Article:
Kremlin denies link to Amesbury poisoning case in Britain
                 Source: Xinhua | 2018-07-10 01:54:39 | Editor: huaxia

Police officers stand in front of screening erected behind John Baker House, after it was confirmed that two people had been poisoned with the nerve-agent Novichok, in Amesbury, Britain, July 5, 2018. (REUTERS PHOTO)

MOSCOW, July 9 (Xinhua) -- The Kremlin said Monday that it saw no reason to link Russia to the Amesbury poisoning incident, which killed one person.

"We are not aware if Russia was somehow mentioned or somehow associated with it. We believe that in any case this would be quite absurd," Kremlin spokesperson Dmitry Peskov said.

Dawn Sturgess, 44, who was poisoned on June 30 in the British town of Amesbury, died in the hospital on Sunday, London police said.

Sturgess' partner Charlie Rowley, 45, also fell victim to the poisoning incident and remains hospitalized in critical condition.

Peskov said the Kremlin regretted the death of Sturgess and is deeply concerned about the continued manifestations of toxic agents in Britain, "which is a danger not only for the British but also for all other Europeans."

The Defense Science and Technology Laboratory at Porton Down told police on July 4 that the British couple had been exposed to Novichok nerve agent.

Novichok, allegedly produced in Russia, was said to be used in March to poison former Russian spy Sergei Skripal and his daughter Yulia, who both survived and are now recovering at secret places.

Russia has repeatedly denied any involvement in the Skripal incident and offered to participate in a related investigation.

Scotland Yard said there is no evidence that the victims of the Amesbury incident visited any of the sites that were decontaminated following the Skripal case.

Russia's Permanent Representative to the Organization for the Prohibition of Chemical Weapons Alexander Shulgin said Moscow would demand evidence from London supporting the words of British leaders about the possible involvement of Russia in the Amesbury poisoning, according to an interview published by Russian newspaper Izvestia on Monday.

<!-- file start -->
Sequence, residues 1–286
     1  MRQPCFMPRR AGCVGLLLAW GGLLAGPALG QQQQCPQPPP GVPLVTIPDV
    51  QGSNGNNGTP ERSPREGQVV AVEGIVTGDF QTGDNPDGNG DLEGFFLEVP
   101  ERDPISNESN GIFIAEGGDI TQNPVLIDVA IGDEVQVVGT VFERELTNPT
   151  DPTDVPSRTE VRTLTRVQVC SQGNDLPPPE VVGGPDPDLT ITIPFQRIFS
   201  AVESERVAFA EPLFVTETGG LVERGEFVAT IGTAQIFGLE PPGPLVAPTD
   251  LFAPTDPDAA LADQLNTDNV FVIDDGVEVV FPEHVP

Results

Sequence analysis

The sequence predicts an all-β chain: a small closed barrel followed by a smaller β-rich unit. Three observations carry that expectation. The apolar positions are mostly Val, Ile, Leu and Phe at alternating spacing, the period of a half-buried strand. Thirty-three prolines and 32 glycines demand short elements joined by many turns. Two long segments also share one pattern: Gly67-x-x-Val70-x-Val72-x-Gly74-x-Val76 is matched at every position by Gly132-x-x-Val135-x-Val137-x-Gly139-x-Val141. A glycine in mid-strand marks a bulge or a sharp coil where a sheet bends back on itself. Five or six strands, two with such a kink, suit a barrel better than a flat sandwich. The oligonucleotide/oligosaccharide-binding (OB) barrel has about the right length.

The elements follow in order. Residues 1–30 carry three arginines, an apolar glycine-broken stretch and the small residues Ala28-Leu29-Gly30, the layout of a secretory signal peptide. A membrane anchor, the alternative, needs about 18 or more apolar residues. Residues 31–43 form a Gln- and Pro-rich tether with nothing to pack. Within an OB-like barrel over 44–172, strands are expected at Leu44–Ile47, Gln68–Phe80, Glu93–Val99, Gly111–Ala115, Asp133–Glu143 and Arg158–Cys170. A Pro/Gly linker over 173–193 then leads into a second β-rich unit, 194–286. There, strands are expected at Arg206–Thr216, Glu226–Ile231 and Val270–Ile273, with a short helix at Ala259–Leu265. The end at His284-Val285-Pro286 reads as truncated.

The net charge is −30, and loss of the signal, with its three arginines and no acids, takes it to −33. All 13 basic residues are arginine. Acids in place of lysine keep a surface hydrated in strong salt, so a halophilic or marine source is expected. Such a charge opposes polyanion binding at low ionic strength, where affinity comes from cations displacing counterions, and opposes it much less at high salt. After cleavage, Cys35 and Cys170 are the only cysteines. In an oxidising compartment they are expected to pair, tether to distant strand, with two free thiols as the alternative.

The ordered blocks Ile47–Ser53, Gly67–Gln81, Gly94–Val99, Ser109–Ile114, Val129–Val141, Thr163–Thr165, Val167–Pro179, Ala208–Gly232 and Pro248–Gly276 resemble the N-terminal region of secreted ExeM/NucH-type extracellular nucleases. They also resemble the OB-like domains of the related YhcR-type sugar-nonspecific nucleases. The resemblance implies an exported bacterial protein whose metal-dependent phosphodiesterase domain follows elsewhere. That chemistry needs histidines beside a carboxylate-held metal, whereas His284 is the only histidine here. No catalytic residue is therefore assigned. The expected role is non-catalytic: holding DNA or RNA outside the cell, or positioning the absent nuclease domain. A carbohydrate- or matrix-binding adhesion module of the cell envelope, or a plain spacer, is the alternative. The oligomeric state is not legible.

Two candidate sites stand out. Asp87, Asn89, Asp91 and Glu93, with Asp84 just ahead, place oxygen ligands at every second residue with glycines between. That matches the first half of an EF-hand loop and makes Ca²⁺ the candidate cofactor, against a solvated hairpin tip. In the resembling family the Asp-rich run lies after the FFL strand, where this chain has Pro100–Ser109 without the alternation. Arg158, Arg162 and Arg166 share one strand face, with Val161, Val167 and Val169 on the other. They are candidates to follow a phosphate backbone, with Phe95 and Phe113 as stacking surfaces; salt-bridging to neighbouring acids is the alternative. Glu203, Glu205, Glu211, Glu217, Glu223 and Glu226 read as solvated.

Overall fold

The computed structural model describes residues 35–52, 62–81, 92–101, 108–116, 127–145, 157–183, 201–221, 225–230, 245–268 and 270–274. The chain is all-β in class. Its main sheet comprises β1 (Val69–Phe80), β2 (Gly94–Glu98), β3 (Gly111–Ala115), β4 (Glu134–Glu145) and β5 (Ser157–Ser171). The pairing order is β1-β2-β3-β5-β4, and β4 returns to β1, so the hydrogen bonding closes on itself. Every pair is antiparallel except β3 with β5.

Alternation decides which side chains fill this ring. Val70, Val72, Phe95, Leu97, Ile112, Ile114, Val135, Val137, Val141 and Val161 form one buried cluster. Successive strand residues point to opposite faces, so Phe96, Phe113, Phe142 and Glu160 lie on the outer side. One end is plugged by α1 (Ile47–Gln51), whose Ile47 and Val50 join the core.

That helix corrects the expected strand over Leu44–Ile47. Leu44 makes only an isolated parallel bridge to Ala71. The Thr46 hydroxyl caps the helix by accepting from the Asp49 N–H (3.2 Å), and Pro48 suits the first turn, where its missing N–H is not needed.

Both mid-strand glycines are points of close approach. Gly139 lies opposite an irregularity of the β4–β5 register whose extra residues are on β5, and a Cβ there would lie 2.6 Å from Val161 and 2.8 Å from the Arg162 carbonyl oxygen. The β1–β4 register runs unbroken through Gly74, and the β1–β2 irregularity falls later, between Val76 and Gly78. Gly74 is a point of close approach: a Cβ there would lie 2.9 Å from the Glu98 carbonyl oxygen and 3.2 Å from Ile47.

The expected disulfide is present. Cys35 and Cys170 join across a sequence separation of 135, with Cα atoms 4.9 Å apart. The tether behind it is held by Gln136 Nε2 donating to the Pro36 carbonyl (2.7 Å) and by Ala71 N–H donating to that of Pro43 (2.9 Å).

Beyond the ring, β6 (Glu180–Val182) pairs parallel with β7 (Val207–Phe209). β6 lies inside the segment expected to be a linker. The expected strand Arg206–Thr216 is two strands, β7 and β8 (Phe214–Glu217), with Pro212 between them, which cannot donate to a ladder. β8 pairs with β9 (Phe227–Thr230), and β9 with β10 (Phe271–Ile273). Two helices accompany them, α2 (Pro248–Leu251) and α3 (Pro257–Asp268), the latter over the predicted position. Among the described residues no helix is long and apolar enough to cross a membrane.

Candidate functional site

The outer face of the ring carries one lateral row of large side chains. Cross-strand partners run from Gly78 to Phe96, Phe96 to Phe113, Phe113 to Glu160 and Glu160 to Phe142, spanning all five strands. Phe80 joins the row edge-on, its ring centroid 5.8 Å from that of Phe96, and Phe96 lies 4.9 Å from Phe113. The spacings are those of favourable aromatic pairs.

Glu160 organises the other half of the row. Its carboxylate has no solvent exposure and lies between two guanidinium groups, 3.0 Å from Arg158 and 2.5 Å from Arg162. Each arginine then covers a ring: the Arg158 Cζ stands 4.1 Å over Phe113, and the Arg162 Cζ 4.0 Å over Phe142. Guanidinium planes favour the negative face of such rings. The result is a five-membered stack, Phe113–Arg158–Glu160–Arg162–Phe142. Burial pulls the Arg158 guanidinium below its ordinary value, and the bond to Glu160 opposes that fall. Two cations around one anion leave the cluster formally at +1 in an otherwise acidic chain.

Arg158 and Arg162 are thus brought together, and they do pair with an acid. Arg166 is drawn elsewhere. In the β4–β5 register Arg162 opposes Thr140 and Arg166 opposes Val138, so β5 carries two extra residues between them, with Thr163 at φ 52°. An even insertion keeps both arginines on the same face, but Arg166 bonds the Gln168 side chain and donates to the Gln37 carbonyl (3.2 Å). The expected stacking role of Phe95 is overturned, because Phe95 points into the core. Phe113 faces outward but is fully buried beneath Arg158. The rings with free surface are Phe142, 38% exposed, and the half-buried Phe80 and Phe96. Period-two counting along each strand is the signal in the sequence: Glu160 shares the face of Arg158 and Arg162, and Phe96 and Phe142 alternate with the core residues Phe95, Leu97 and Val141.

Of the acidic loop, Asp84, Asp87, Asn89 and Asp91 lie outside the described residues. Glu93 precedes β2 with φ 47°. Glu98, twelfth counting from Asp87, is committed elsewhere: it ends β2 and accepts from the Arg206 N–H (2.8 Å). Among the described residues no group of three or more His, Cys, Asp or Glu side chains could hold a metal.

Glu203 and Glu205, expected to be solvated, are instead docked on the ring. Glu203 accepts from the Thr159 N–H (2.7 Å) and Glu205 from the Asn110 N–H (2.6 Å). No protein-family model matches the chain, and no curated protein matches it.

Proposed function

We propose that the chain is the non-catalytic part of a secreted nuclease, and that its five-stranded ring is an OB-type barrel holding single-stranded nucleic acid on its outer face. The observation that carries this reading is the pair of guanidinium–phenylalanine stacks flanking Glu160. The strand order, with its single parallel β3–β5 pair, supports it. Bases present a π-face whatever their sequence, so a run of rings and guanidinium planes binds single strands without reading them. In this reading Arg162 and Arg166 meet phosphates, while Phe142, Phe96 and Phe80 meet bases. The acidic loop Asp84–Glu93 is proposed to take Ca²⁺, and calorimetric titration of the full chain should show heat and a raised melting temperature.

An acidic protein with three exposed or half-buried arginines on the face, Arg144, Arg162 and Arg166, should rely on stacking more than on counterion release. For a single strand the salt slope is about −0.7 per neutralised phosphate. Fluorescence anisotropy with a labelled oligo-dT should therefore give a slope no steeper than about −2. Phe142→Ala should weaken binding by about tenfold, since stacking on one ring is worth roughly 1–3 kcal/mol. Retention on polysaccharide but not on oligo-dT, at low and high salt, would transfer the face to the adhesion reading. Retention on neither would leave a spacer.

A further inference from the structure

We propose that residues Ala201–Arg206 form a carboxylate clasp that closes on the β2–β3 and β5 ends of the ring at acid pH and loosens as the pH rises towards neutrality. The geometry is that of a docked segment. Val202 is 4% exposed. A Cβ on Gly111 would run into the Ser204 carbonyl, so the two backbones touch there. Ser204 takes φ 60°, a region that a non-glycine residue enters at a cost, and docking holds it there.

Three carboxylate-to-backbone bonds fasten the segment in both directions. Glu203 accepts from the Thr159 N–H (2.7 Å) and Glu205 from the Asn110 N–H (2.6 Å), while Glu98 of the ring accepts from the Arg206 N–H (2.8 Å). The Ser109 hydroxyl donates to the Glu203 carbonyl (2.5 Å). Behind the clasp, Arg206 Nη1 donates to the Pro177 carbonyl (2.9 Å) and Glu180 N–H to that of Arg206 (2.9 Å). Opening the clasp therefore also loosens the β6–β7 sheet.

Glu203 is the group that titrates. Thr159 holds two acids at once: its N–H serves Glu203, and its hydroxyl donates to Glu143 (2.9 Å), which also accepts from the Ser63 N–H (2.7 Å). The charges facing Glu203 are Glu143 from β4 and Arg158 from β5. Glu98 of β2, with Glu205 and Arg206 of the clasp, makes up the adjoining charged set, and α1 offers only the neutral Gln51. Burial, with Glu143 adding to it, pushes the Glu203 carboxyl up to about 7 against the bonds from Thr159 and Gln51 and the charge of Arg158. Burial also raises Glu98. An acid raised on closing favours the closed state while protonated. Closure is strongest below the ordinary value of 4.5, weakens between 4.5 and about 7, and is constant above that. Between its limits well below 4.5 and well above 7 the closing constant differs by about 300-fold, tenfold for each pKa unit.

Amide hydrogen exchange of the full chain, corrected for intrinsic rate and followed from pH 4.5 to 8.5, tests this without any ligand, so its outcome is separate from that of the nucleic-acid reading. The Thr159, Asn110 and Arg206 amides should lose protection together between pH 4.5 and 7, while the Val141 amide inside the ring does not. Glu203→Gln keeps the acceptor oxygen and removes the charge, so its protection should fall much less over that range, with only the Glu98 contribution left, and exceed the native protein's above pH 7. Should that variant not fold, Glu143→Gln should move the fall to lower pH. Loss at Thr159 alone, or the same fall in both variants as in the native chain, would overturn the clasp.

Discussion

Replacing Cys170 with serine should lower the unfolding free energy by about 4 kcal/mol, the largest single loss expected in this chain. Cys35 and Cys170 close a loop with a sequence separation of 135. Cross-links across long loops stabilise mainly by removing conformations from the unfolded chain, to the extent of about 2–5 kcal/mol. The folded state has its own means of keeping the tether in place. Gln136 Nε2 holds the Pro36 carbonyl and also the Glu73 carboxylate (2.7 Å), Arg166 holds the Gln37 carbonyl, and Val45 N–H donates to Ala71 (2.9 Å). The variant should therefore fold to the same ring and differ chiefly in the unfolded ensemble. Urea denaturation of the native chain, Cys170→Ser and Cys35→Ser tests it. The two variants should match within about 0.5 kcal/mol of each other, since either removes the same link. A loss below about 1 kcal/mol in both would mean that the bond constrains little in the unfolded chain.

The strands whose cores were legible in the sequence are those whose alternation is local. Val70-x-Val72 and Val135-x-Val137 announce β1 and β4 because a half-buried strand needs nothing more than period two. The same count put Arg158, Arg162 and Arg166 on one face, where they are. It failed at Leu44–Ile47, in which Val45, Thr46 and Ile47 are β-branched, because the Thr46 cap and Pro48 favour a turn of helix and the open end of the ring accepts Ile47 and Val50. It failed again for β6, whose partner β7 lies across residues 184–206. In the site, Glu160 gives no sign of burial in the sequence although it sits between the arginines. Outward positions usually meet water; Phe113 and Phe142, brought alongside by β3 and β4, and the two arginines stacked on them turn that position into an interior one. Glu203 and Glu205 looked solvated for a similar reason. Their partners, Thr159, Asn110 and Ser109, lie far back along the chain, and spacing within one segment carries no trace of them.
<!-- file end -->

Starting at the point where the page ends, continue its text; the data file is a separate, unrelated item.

He did not specify the officials who were responsible for such an allegation.

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Kremlin denies link to Amesbury poisoning case in Britain

Source: Xinhua 2018-07-10 01:54:39

Police officers stand in front of screening erected behind John Baker House, after it was confirmed that two people had been poisoned with the nerve-agent Novichok, in Amesbury, Britain, July 5, 2018. (REUTERS PHOTO)

MOSCOW, July 9 (Xinhua) -- The Kremlin said Monday that it saw no reason to link Russia to the Amesbury poisoning incident, which killed one person.

"We are not aware if Russia was somehow mentioned or somehow associated with it. We believe that in any case this would be quite absurd," Kremlin spokesperson Dmitry Peskov said.

Dawn Sturgess, 44, who was poisoned on June 30 in the British town of Amesbury, died in the hospital on Sunday, London police said.

Sturgess' partner Charlie Rowley, 45, also fell victim to the poisoning incident and remains hospitalized in critical condition.

Peskov said the Kremlin regretted the death of Sturgess and is deeply concerned about the continued manifestations of toxic agents in Britain, "which is a danger not only for the British but also for all other Europeans."

The Defense Science and Technology Laboratory at Porton Down told police on July 4 that the British couple had been exposed to Novichok nerve agent.

Novichok, allegedly produced in Russia, was said to be used in March to poison former Russian spy Sergei Skripal and his daughter Yulia, who both survived and are now recovering at secret places.

Russia has repeatedly denied any involvement in the Skripal incident and offered to participate in a related investigation.

Scotland Yard said there is no evidence that the victims of the Amesbury incident visited any of the sites that were decontaminated following the Skripal case.

Russia's Permanent Representative to the Organization for the Prohibition of Chemical Weapons Alexander Shulgin said Moscow would demand evidence from London supporting the words of British leaders about the possible involvement of Russia in the Amesbury poisoning, according to an interview published by Russian newspaper Izvestia on Monday.

He did not specify the officials who were responsible for such an allegation.

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